Analysis of Sec61p and Ssh1p interactions in the ER membrane using the split-ubiquitin system
1 Cambridge Institute for Medical Research, Hills Road, Cambridge, CB2 2XY, UK
2 Current address: Sauder School of Business, Henry Angus Building, 2053 Main Mall, University of British Columbia, Vancouver, BC V6T 1Z2, Canada
3 Department of Microbiology, Faculty of Biology, Saarland University, Campus A1.5, Saarbruecken, 66123, Germany
BMC Cell Biology 2013, 14:14 doi:10.1186/1471-2121-14-14Published: 11 March 2013
The split-ubiquitin system monitors interactions of transmembrane proteins in yeast. It is based on the formation of a quasi-native ubiquitin structure upon interaction of two proteins to which the N- and C-terminal halves of ubiquitin have been fused. In the system we use here ubiquitin formation leads to proteolytic cleavage liberating a transcription factor (PLV) from the C-ubiquitin (C) fusion protein which can then activate reporter genes. Generation of fusion proteins is, however, rife with problems, and particularly in transmembrane proteins often disturbs topology, structure and function.
We show that both the Sec61 protein which forms the principal protein translocation channel in the endoplasmic reticulum (ER) membrane, and its non-essential homologue, Ssh1p, when fused C-terminally to CPLV are inactive. In a heterozygous diploid Sec61-CPLV is present in protein translocation channels in the ER membrane without disturbing their function and displays a limited set of protein-protein interactions similar to those found for the wildtype protein using biochemical methods. Although its expression level is similar, Ssh1-CPLV interactions are less strong, and, in contrast to Sec61p, Ssh1p does not distinguish between Sbh1p and Sbh2p. We show that interactions can be monitored by reporter gene activity or directly by PLV cleavage, which is more sensitive, but leads to quantitatively different results.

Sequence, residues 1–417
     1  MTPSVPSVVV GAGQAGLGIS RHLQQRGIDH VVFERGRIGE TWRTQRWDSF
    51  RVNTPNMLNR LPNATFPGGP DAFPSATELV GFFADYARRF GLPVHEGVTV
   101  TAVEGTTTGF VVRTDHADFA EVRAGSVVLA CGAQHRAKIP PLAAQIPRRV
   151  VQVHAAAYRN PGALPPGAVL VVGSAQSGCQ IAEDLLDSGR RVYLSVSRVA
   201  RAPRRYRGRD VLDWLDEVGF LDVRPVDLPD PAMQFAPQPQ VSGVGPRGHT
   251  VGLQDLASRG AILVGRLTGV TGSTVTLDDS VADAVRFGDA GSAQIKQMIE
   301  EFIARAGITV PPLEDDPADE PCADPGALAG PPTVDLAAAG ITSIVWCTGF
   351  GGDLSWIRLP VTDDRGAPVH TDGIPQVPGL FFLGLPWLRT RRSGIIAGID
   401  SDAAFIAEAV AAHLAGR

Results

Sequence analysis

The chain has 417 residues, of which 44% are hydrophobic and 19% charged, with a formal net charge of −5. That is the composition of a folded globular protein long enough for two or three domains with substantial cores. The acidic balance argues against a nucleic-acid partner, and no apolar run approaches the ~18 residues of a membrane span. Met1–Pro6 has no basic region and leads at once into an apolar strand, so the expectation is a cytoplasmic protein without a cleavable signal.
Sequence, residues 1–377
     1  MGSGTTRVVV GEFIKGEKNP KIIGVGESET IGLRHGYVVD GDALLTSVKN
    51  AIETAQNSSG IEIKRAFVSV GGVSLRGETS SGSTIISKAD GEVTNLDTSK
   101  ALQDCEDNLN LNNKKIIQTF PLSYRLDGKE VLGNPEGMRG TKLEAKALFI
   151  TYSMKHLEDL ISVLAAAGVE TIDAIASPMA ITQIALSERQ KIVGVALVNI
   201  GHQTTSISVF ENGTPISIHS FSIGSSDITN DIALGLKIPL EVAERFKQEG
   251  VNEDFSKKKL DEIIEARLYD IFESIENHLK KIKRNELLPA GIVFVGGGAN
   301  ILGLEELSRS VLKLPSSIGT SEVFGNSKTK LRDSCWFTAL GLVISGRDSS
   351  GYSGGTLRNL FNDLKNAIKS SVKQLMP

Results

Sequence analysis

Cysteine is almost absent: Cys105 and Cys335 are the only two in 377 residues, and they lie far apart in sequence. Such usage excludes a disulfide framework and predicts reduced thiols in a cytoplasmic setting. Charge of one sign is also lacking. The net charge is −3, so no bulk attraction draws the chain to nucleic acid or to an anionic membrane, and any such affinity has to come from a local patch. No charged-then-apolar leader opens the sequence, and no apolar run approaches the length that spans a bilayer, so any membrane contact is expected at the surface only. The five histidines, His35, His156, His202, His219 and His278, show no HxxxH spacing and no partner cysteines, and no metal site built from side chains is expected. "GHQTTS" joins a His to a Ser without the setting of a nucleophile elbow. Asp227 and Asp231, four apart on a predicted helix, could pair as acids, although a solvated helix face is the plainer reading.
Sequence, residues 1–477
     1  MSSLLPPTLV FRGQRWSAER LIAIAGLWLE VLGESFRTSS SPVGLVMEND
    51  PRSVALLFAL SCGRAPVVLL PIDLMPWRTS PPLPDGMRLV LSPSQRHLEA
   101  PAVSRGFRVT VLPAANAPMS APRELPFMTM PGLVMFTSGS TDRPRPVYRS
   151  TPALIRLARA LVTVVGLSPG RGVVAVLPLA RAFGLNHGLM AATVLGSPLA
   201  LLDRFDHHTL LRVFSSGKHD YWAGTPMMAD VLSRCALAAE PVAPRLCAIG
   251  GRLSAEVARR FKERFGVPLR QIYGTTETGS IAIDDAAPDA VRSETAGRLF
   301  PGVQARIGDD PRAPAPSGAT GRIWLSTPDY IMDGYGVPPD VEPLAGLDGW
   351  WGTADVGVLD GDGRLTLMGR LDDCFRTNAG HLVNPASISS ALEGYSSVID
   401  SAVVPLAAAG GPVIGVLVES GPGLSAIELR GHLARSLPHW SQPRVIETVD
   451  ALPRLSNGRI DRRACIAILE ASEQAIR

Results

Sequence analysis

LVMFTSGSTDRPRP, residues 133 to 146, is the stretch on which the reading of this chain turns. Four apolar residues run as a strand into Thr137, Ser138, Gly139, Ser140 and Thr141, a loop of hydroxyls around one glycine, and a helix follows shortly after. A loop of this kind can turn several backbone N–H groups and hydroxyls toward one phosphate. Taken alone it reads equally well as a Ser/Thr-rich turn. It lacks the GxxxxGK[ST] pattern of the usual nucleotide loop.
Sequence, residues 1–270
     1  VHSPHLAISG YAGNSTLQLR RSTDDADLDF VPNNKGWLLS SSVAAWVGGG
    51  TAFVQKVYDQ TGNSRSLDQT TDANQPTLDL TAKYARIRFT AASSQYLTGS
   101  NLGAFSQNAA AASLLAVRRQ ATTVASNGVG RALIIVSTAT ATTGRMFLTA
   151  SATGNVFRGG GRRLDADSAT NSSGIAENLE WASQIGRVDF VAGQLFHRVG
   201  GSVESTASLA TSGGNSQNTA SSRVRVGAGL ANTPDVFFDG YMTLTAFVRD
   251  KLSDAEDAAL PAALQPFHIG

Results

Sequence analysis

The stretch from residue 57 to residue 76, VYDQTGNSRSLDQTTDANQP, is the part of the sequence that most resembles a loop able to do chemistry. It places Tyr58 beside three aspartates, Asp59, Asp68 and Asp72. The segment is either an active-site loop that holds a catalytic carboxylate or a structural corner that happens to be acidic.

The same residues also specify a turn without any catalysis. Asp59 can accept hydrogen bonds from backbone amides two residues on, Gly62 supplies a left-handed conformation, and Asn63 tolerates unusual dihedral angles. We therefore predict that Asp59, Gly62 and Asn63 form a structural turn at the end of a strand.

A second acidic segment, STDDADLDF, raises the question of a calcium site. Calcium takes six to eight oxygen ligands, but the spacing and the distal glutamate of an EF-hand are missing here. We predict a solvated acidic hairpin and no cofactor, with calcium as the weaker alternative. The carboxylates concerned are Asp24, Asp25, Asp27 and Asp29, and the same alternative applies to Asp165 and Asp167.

We conclude that the split-ubiquitin system we used here has high fidelity, but low sensitivity and is of limited use for detection of new, transient interactions with protein translocation channels in the ER membrane.